When the Last Ship Sailed
In many ways, the long-term benefits a PC can gain by spending XP are a means of integrating the mechanics of the game with the story.
Players can codify things that happen to their characters by talking to the GM and spending 3 XP. For example, a spinner named Jessica spends a long time working in a kitchen in a restaurant that she believes is owned by a man working for agents from Ruk on Earth. During that time, she becomes familiar with cooking. Jessica’s player talks with the GM and says that she would like to have the spinner’s experiences have a lasting effect on the character. She spends 3 XP and gains familiarity with cooking.
Some things that a PC can acquire as a long-term benefit are story based. In the course of play, the character might gain a friend (a contact) or build a log cabin (a home). These benefits are probably not the result of spending XP. The new contact comes to the PC and starts the relationship. The new home is granted to him as a reward for service to a powerful or wealthy patron, or maybe the character inherits the home from a relative.
Things that affect character abilities, like a familiarity or an artifact, are different. They likely require XP and time, money, and so on. Long-term benefits can include the following.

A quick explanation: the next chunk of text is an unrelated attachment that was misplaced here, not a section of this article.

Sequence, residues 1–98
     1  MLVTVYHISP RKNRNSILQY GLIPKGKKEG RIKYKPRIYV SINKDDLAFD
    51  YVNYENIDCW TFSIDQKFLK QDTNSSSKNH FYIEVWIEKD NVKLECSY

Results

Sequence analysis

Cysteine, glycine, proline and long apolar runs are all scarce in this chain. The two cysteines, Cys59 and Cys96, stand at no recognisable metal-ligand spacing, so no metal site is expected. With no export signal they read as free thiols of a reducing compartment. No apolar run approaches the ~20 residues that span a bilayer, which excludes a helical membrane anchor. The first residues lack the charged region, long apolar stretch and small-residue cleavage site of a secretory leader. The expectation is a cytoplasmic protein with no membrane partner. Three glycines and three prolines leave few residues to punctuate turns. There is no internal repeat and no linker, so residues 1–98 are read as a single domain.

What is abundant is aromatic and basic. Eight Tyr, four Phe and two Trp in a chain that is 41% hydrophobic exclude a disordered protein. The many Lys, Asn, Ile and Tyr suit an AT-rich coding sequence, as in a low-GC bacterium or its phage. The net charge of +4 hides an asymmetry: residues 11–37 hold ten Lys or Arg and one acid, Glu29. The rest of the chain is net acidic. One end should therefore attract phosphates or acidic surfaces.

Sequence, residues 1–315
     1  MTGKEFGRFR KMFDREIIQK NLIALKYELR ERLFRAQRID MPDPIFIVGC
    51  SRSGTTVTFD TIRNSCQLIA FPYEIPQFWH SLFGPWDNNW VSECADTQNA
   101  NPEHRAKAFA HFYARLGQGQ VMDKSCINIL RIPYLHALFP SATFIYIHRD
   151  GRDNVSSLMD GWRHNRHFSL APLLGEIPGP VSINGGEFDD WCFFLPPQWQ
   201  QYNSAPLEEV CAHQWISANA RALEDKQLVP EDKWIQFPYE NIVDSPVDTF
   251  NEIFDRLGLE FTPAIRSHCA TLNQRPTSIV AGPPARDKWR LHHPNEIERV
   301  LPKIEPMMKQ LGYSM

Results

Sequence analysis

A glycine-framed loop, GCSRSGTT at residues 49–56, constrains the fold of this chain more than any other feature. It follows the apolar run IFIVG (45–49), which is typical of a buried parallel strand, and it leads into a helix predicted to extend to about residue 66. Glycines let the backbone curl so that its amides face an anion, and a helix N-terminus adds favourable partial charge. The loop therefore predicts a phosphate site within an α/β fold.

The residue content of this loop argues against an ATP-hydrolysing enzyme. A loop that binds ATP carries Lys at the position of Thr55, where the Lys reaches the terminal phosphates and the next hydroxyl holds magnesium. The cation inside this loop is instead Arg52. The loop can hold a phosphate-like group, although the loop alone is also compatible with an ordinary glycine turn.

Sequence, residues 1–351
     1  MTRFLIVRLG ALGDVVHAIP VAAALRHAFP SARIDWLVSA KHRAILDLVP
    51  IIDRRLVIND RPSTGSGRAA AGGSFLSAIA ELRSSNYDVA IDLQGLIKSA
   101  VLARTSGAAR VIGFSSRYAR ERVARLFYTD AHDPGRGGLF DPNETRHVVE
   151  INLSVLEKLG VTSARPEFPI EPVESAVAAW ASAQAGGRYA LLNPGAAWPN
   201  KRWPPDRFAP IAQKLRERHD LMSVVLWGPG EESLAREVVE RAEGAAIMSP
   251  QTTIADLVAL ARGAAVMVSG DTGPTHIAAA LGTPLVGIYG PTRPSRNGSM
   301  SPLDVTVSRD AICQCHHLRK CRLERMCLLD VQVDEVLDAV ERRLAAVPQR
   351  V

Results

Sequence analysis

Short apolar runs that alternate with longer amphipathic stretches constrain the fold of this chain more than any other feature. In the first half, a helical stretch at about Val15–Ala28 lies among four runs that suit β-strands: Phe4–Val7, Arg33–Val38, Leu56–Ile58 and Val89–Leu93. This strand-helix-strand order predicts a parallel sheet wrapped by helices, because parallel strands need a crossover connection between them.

Familiarity: The character gains a +1 bonus to rolls involving one kind of task.
Contact: The character gains a long-term NPC contact of importance – someone who will help him with information, equipment, or physical tasks. The player and GM should work out the details of the relationship.
Home: The PC acquires a full-time residence. This can be an apartment in a city, a cabin in the wilderness, a base in an ancient complex, or whatever fits the situation. It should be a secure place where the PC can leave his belongings and sleep soundly. Several characters could combine their XP and buy a home together.
Title or job: The PC is granted a position of importance or authority. It might come with responsibilities, prestige, and rewards, or it might also simply be an honorarium.
Wealth: The PC comes into a considerable amount of wealth, whether it’s a windfall, an inheritance, or a gift. It might be enough to buy a home or a title, but that’s not really the point. The main benefit is that the PC no longer needs to worry about the cost of simple equipment, lodging, food, and so on. This wealth could mean a set amount – perhaps 50,000 dollars – or it could bestow the ability to ignore minor costs, as decided by the player and GM.
Artifact: The PC creates an artifact that has a power of his choosing. If the item is fairly simple, the GM can skip the crafting details and just say that after a period of time, the PC creates it. For an item that significantly alters gameplay – granting the character vast telepathic powers or giving him the ability to teleport at will – the GM might require difficult rolls, a considerable amount of time, and rare, hard-to-find components and materials.